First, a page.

The disaffiliation headache continued for CUNA this month with two large Albuquerque credit unions departing from the trade group and the Credit Union Association of New Mexico.
Resigning from the trade groups in a dispute apparently traced, in part, to policies over business lending and secondary capital are the $1 billion New Mexico Educators Credit Union and the $570 million Kirtland Federal Credit Union.
CUNA leaders vowed to press ahead with campaigns to convince leadership of both CUs to reverse their disaffiliations, resume their memberships and pay their 2011 dues.
Leaders of New Mexico league expressed dismay, frustration and puzzlement at the decision. They called the disaffiliations a blow to industry unity, but said they would not interfere with day-to-day business or lobbying operations.
Mark Wolff, senior vice president of communications for CUNA, said it would seek also to reaffiliate the two New Mexico CUs with the goal of addressing their concerns.
Sylvia Lyon, president/CEO of the New Mexico league, said the president/CEO of Educators CU, Terry Laudick, had sent her a terse, two-sentence e-mail three weeks ago citing economic reasons.
"I’ve yet to get a response," said Lyon, expressing regret at the move. Laudick did not return phone calls, and David Seely, president/CEO of Kirtland, told Credit Union Times he would have no comment.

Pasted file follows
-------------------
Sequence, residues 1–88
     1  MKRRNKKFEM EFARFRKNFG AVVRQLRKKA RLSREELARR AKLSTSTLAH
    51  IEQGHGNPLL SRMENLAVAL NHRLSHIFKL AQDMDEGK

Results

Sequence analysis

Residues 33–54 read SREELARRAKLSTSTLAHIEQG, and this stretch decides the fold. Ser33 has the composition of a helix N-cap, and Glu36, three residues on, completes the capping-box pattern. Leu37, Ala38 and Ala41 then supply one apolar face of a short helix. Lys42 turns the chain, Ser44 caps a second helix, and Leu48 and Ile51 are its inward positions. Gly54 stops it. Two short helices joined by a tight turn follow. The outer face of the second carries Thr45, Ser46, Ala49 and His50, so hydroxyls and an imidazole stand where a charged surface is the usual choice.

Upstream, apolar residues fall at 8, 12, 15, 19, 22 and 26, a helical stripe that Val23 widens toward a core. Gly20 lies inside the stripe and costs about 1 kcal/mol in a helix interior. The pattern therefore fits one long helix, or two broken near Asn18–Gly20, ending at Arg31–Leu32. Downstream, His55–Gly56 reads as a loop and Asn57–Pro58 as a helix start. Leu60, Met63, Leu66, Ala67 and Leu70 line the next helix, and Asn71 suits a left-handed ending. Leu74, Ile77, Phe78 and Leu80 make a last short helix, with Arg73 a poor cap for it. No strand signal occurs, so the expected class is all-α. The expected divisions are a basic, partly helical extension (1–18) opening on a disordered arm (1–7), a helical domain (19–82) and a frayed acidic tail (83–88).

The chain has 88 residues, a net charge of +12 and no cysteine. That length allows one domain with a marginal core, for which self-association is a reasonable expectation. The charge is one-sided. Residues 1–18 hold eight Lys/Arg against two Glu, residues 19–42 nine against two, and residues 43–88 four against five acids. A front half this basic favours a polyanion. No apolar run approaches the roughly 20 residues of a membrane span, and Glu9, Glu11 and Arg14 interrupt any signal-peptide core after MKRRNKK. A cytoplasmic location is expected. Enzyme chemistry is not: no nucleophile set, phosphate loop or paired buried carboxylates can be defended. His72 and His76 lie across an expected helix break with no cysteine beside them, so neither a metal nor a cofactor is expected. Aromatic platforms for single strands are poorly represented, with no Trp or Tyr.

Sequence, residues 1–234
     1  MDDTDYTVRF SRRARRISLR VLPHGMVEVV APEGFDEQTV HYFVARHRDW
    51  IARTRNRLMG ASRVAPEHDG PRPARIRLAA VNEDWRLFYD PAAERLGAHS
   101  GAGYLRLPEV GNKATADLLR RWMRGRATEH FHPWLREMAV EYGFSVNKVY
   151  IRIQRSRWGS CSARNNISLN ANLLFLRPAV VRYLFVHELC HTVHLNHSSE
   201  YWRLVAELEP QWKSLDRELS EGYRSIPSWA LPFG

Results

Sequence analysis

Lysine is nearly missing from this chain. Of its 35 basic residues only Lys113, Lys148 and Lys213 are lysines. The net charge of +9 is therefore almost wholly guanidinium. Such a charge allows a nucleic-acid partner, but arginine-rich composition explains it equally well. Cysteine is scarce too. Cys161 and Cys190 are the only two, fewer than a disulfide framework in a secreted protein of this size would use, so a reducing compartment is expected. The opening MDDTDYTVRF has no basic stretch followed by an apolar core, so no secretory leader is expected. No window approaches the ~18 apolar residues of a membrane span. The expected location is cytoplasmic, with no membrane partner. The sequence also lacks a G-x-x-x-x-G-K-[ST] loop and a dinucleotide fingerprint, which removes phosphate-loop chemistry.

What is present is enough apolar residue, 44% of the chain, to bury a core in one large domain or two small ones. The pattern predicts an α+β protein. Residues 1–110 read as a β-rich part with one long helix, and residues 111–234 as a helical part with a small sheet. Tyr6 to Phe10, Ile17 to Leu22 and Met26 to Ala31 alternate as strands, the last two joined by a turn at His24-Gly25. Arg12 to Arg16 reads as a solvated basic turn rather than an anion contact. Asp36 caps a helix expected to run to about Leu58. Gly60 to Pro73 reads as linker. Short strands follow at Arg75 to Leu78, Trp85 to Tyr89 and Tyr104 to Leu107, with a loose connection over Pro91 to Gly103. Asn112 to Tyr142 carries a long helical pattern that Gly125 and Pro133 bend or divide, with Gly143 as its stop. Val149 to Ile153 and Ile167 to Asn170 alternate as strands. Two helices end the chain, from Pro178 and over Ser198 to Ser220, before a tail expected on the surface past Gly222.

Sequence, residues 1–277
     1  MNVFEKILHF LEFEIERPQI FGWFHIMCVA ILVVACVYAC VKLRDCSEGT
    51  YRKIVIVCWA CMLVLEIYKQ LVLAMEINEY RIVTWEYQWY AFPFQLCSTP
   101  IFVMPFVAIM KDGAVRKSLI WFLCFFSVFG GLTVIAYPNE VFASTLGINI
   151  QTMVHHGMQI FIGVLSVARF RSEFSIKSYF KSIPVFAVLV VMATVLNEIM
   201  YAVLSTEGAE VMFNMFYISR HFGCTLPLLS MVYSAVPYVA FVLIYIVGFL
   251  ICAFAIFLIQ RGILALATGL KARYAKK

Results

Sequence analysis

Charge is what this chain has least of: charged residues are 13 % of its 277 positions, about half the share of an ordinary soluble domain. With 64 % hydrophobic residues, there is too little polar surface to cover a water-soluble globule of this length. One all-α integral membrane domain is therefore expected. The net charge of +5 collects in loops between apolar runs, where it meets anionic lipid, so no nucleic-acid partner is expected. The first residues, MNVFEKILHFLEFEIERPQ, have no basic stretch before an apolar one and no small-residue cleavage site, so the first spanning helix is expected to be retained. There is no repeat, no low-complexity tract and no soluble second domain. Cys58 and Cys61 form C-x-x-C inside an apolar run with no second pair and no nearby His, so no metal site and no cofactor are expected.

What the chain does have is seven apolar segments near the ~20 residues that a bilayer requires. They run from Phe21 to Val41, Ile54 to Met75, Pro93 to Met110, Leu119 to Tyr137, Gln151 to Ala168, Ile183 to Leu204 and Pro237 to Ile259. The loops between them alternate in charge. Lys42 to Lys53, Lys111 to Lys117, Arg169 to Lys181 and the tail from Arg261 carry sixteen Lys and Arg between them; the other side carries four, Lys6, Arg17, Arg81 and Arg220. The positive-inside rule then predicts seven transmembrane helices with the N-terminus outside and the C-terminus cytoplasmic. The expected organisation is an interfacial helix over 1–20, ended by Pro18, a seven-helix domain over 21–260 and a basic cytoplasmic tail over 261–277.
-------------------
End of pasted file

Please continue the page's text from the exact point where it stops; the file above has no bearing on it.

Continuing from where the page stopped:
The chairman of the state league, William Jacobs, who is also president/CEO of White Sands FCU of Las Cruces, said he was dumbfounded. "It’s simply crazy when you consider the fast-moving events we are dealing with in Washington," said Jacobs. "I just don’t understand the logic."
The leadership of Kirtland, including Seely and its chairman, have previously voiced complaints on a number of topics relating to CUNA’s stance on member business lending and alternative capital, said Lyon. "We understand the concerns some credit unions have about costs associated with trade membership but still there’s never been a time when cooperation and a united industry is more important."
In a letter sent two weeks ago to the league membership, Jacobs said the departures, while troubling, would not affect the ongoing business and lobbying operations in Santa Fe or Washington.
"Credit unions have always had a very strong voice in Washington and Santa Fe because of the sheer numbers we represent," wrote Jacobs, "because we all are on board with a common cause."
Jacobs said he had no knowledge of whether the disaffiliations of the two Albuquerque CUs were related to the departure in January of the $1.6 billion Texas Dow Employees CU of Lake Jackson from CUNA and the Texas Credit Union League. The Texas Dow management cited a list of complaints over lobbying, volunteer and policy concerns it had with CUNA. Efforts have continued since then to bring Texas Dow back as a member.